#RaspberryPi Pico: A piano “synthesiser”

After having made an atrocious synthesiser, I thought it would be good to up my game and create a slightly less atrocious synthesiser. This time, instead of using the serial port, I thought I’d actually make a synthesiser. It is based on the Rolf Harris Stylophone from the early 70’s. I think my stylus piano actually sounds better, and at the very least it isn’t mired in as much controversy as anything associated with Rolf Harris.

One of the questions I pondered over was: how should I make a piano? I have a whole bunch of screws left over from when I’ve tinkered around with desktop computers. An actual keyboard would be too complicated to make, and would actually cost money. My engineering skills aren’t up to much. My craftsmanship is even worse.

I decided that the best approach would be to create a stylophone-type contraction. The keys are separated by resistors, and the stylus transmits a voltage to an ADC. That way, I have only 3 wires coming out the back of the stylus, rather than one wire per key. It means you can only play one note at a time, and there is the inconvenience of a stylus. But my desire to avoid a bunch of wiring made this a good trade-off. It’s only a toy, after all.

Here’s the schematic:

You touch the stylus, marked JS, against any one of the screw contacts J1-J11. There is actually a design fault. There should be a 220 ohm resistor between J11 and the 100K ohm resistor. It means that you can’t actually play the F5 key. I decided not to sweat the issue, as it was only a an experiment.

The actual “piano” itself looks like this:

Topside

When I say “stylus”, I of course mean “crocodile clip”. The wire running from the clip to the board is excessive for what we really need, but I just used a long piece of wire that I had available.

I used a piece of MDF as the base, and drilled holes in it through which I put the screws. I also gave names to the keys and their positions on the music stave, as I am hopeless at reading music. There are no black keys on my piano. You could add some, if you liked, but it would have made the board more complicated.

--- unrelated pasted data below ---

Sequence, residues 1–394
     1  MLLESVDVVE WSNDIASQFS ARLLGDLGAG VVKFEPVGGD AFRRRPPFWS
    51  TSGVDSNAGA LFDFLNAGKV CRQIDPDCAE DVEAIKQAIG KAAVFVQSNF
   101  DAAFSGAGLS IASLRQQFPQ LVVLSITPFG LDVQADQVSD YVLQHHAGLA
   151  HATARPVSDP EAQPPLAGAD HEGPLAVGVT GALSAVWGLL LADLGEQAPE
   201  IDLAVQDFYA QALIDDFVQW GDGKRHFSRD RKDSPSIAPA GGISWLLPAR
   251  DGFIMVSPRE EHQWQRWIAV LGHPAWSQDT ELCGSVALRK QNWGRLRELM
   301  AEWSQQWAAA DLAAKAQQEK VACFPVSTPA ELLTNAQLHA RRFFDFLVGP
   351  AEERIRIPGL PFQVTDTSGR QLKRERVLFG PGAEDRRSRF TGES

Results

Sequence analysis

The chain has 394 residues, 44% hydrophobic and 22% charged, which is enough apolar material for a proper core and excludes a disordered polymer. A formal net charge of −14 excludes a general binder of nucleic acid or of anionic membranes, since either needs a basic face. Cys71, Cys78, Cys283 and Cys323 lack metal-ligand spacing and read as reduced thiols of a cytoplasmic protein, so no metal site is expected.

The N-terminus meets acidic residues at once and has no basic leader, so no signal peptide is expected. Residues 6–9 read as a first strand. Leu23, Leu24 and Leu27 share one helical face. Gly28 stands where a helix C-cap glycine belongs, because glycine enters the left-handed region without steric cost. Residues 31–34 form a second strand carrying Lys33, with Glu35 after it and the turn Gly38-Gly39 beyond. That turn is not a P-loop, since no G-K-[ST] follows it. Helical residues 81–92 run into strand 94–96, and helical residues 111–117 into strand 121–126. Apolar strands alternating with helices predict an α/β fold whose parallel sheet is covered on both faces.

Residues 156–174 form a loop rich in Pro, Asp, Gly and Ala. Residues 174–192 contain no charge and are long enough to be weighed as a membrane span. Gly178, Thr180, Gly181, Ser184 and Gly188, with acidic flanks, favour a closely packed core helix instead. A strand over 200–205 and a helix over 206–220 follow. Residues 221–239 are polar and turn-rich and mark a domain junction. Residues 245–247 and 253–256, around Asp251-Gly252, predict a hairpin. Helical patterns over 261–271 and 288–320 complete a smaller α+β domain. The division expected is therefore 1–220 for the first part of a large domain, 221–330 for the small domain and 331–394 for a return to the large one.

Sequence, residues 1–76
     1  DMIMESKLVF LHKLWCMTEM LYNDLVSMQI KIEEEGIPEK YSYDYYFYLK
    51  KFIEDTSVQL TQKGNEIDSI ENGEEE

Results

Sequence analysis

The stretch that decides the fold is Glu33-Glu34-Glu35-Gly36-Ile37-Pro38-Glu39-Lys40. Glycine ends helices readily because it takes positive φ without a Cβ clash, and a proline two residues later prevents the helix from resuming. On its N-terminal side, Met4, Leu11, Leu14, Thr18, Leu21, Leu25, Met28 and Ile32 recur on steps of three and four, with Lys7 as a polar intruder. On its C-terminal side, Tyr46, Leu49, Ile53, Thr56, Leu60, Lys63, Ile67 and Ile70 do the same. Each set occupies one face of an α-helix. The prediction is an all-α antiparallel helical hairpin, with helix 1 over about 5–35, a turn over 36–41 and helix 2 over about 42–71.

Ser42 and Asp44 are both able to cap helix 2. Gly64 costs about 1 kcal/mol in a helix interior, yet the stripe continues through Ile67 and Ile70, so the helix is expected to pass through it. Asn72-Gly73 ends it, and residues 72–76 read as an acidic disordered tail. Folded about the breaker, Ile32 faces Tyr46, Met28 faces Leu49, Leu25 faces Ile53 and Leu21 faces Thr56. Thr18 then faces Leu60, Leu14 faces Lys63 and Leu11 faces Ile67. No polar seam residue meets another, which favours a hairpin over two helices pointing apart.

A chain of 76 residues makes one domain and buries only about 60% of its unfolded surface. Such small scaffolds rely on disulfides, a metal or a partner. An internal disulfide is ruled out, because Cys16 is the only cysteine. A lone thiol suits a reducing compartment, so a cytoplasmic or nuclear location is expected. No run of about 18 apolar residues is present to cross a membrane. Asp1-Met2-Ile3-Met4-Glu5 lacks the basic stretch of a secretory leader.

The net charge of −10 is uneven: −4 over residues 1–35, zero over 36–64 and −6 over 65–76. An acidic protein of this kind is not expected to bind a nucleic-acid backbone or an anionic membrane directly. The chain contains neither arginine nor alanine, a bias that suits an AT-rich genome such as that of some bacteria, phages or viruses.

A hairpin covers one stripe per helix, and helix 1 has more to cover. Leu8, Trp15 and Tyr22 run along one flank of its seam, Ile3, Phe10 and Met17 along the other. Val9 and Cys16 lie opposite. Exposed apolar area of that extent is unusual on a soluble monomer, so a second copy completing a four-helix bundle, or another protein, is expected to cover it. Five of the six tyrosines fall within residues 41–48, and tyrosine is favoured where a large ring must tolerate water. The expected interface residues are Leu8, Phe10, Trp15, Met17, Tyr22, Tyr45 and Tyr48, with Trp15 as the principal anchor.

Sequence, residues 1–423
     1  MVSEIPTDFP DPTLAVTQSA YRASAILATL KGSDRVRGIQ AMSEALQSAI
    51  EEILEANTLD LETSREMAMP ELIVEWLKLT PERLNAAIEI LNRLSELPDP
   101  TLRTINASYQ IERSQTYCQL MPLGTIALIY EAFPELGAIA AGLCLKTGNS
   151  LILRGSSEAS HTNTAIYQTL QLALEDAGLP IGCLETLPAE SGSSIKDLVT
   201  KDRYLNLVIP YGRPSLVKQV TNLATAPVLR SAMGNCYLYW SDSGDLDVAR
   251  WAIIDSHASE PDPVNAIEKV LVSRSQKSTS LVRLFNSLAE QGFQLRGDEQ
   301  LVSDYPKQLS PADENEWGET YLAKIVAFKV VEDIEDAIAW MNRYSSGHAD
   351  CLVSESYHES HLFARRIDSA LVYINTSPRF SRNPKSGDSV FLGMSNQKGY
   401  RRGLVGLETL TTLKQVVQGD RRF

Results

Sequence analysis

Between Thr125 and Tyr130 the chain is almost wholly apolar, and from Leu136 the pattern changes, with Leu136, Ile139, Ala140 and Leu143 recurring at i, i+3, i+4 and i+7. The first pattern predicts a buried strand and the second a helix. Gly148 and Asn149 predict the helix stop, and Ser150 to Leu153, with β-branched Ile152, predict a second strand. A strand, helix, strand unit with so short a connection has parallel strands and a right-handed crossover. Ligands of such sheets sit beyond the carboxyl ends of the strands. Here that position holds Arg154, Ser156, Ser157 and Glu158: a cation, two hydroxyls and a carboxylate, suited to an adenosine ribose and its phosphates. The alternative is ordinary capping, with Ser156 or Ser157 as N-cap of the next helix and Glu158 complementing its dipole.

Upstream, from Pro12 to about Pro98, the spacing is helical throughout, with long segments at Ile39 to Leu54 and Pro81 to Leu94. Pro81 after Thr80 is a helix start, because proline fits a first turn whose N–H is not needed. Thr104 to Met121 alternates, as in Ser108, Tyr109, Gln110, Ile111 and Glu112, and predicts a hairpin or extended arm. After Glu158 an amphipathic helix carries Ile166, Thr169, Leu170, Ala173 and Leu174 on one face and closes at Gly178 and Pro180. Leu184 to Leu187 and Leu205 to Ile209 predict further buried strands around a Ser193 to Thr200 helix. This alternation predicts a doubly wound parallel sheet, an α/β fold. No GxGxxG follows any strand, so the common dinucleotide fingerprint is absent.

The underside of the board is sparse:

Underside

A big mistake I made was that I discovered that you can’t really solder to screws. So I had to tie some conducting wire around the screws, and solder the resistors to that. A better solution would be to use washers and trap the resistors between the washers and the board. Nuts could then keep the whole thing tight. I had neither screws that were long enough, washers or nuts, though. My original plan was to put the resistors on the underside of the board, but I quashed that idea when I discovered that you can’t solder resistors to screws.

Here’s what the complete assembly looks like, including the Pico and speaker:

Complete circuit

The 100k resistor is to create contact between the ADC input and ground. Otherwise you just have a floating ADC input, which gives spurious readings. 100k is large in relation to the other resistors, so that there is a much smaller resistance when the stylus connects with any of the key screws.

Video demonstration:

Here’s the code:

#include <stdio.h>
#include <vector>
#include "pico/stdlib.h"
#include "hardware/gpio.h"
#include "hardware/adc.h"
#include "hardware/pwm.h"
#include "hardware/clocks.h"

using namespace std;

using  u16 = uint16_t;
using  u32 = uint32_t;
using  u64 = uint64_t;

#define SPK 15

typedef struct {const char* name; u16 adc; u16 freq;} note_t;

const vector<note_t> notes = {
	{"C4",	11,	262},
	{"D4",	430,	294},
	{"E4",	834,	330},
	{"F4",	1252,	349},
	{"G4",	1650,	392},
	{"A4",	2060,	440},
	{"B4",	2480,	494},
	{"C5",	2880,	523},
	{"D5",	3303,	587},
	{"E5",	3701,	659},
	{"F5",	3900,	698} // F5 won't work properly
};

vector<u16> cutoffs; // for the midpoints in the notes table

//#define NO_NOTE_IDX  0xBAD;
uint slice_num; // of speaker SPK

void set_freq(u32 freq)
{
	u32 top, level;
	if(freq==0) {
		top = 0;
		level = 0;
	} else { 
		top = 1'000'000UL/freq-1;